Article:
Where We Live | McLean Gardens in Northwest Washington

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McLean Gardens, a small community in Northwest Washington, takes its name from the wealthy family of John Roll McLean, who was an owner and publisher of The Washington Post. (Sarah L. Voisin/The Washington Post)

McLean Gardens is a hidden gem in Northwest Washington along Wisconsin Avenue, north of the shops and restaurants in Cathedral Commons. The small community takes its name from the wealthy family of John Roll McLean, who was an owner and publisher of The Washington Post. His daughter-in-law Evalyn once owned the Hope Diamond. It’s said she let her dog wear the precious jewel while romping around the estate.

The federal government bought the property from the estate’s trustees in 1942 and built housing for federal workers hired during World War II. The government sold the property in 1948. The rental property was converted to condominiums in 1981.

Today, the property is two complexes — Vaughan Place at McLean Gardens and McLean Gardens. Bounded by Rodman Street NW to the north, Idaho Avenue to the south, Wisconsin Avenue to the east and 39th Street NW to the west, McLean Gardens resembles a self-contained college campus. The isolation is a major draw for residents.

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“In my mind, McLean Gardens is the best of both worlds,” says Lisa Mize, president of McLean Gardens Condo Association. “Once you drive off Wisconsin Avenue and you get into the neighborhood, you don’t feel like you’re in a city.”

“We have deer that wander through the neighborhood. When your windows are open you can hear all the birds singing outside and on a summer night you hear the foxes and the cicadas in the trees. It really feels like you’re in the country in a way . . .but also being able to find that energy within a few blocks.”

Mize moved to McLean Gardens more than 20 years ago. She was drawn by the history, the old buildings and the restful atmosphere.

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“Every time I drive into McLean Gardens and all that busyness goes away,” she said. “It feels like my blood pressure comes down 20 points. For me, it’s such a stark contrast and I really appreciate the peacefulness and serenity here.”

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McLean Gardens also offers a strong sense of community. Both Vaughan Place and McLean Gardens are pet-friendly, with most residents owning at least one cat or dog. The condo association hosts jazz on the lawn, barbecues in the summer at the communal pool, and holiday parties in the community center’s ballroom.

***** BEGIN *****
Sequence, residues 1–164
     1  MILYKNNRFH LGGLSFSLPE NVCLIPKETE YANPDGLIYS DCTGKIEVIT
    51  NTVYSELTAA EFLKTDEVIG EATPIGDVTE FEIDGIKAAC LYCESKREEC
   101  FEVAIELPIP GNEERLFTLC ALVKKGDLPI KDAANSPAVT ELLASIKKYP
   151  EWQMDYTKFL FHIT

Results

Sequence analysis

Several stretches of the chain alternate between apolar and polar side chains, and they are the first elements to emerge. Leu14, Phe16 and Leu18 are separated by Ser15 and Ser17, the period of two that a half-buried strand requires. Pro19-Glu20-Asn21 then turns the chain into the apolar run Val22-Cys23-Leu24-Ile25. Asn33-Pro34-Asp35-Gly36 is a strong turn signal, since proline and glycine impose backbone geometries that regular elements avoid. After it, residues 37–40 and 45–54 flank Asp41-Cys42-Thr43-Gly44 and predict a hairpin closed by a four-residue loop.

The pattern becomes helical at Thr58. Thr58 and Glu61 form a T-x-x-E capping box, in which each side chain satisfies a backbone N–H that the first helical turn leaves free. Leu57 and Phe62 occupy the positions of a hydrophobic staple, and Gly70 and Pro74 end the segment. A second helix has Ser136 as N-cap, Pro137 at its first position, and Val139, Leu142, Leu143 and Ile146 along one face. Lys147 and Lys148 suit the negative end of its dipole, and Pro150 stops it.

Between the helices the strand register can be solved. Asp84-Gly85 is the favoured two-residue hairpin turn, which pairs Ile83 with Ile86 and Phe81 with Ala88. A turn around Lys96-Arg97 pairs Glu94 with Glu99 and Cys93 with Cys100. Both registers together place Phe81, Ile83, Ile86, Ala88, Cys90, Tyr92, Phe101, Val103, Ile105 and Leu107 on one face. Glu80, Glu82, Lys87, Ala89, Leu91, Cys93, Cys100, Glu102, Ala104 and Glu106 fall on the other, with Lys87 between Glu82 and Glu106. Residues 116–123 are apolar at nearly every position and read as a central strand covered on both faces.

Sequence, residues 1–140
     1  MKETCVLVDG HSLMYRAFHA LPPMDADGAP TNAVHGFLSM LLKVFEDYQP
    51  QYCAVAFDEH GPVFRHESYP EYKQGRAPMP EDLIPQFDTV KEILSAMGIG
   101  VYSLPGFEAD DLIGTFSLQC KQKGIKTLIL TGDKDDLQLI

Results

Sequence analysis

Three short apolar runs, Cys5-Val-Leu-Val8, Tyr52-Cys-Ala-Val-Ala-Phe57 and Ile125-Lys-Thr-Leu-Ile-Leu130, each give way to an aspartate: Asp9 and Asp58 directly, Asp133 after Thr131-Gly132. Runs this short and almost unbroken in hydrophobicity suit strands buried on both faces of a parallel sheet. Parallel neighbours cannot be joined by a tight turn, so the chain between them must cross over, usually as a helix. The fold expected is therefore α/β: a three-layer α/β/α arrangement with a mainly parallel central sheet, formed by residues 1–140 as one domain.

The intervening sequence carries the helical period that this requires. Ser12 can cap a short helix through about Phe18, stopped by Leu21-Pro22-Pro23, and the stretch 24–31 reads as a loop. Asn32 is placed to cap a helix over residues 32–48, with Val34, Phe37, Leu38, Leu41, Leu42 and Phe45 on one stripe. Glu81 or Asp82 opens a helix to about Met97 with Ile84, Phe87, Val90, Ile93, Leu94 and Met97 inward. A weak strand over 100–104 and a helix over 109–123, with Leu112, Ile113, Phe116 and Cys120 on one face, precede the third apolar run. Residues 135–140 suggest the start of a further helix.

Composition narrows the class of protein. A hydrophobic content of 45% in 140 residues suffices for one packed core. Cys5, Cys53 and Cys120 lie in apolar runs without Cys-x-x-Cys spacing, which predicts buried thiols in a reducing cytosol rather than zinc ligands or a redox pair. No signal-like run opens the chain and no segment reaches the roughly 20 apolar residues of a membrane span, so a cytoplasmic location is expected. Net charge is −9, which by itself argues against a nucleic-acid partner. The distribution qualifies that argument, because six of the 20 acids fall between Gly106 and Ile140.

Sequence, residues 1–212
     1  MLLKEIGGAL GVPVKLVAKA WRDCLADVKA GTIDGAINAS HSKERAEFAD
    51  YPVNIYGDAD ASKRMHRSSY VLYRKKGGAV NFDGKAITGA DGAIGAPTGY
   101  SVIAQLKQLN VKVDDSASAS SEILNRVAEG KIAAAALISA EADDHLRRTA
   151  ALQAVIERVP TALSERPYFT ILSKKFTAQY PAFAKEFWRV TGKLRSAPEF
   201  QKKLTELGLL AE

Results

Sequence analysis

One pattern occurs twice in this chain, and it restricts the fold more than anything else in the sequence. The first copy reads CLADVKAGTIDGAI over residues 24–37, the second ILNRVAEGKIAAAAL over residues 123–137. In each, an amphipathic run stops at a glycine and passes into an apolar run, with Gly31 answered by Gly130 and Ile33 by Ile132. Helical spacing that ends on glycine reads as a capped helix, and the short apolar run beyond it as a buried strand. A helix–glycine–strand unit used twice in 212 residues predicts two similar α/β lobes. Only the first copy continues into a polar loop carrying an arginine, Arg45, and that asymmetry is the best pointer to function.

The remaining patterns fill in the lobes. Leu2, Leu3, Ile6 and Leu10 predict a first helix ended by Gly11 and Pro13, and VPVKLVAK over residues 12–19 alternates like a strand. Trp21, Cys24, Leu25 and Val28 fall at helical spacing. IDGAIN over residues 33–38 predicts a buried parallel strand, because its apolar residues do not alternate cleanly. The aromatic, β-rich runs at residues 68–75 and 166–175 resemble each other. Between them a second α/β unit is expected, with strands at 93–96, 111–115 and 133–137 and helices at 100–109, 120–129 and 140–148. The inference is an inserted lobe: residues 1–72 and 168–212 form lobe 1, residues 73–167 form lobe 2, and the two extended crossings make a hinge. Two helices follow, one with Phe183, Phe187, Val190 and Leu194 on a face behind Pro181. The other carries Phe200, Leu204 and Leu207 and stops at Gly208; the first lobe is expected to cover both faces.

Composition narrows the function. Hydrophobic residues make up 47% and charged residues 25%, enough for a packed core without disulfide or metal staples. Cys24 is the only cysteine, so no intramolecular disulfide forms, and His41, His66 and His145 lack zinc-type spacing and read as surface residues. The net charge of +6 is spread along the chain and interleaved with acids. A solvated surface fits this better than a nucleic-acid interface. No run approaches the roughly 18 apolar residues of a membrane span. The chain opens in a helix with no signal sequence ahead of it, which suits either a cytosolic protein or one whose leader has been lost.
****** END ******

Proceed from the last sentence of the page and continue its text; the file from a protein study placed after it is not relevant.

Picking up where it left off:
Fannie Mae’s former headquarters were next door to McLean Gardens. After Fannie Mae announced its move downtown, Roadside Development acquired the property in 2016. Residents worry about how the changes will affect their idyllic neighborhood.

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“I am concerned about the congestion and the traffic,” says Kathy Thomas, a nearly 20-year resident of McLean Gardens. “I feel resigned to the changes but working with Roadside is the best possible scenario we could have because I trust them to do what’s in everyone’s best interest.”

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Richard Lake, a founding partner with the company, has been working with the condo board to address residents’ questions and concerns.

“We entered into a cooperation agreement with our neighbors at McLean Gardens,” Lake said. “They’ve formed a neighborhood action committee which we participate in so there’s direct communication on an as-necessary basis.”

Roadside will preserve Fannie Mae’s large front lawn as a park and common area that could include an interactive fountain for children to play in, a performance stage for concerts, art displays or movies. There will be a Wegman’s grocery store, a child-care center and a health club. Restaurants and retail are still being negotiated.

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“We don’t want it to be a town center and take away the energy from Wisconsin Avenue, we actually want to help the energy on Wisconsin Avenue,” Lake says.

According to Lake, the six residential buildings within the planned village will be smaller, boutique-style apartments. Most will be rentals, but one could become condos. Amenities could include a greenhouse on the roof for organic farming, reflecting pools, music rooms and spaces for activities. Apartments will range from one-bedroom to three-bedroom units, with 8 percent allocated for inclusionary zoning.

Increased traffic is one of the residents’ biggest concerns. Lake concedes that their concerns are valid but believes traffic won’t be as bad as they fear.

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“Fannie Mae here employed about 3,000 workers, so that was peak in the morning and peak in the evening as they were leaving,” Lake said. “Our development will have a fraction of that as far as employees go.”

"We're looking into introducing a shuttle that will take people from our property to the Metro," Lake said.

Living there: No properties are for sale in McLean Gardens. According to real estate agent Lou Vivas at Viva the Life Properties, nine properties were sold in the past year. They ranged from a four-bedroom, two-bathroom duplex for $681,800 to a 506-square-foot studio that sold for $245,000. There are 14 units available to rent at Vaughan Place at McLean Gardens, ranging from studios ($1,991 to $2,512 a month), to two-bedroom, two-bathroom units ($3,133 to $4,013 a month). One-bedroom units are available for between $2,354 and $3,129 a month.

Transportation: The closest Metro station is Tenleytown on the Red Line, about a 20-minute walk away. The N4 and N6 bus lines stop nearby.

Schools: Eaton Elementary, Hardy Middle, Wilson High.

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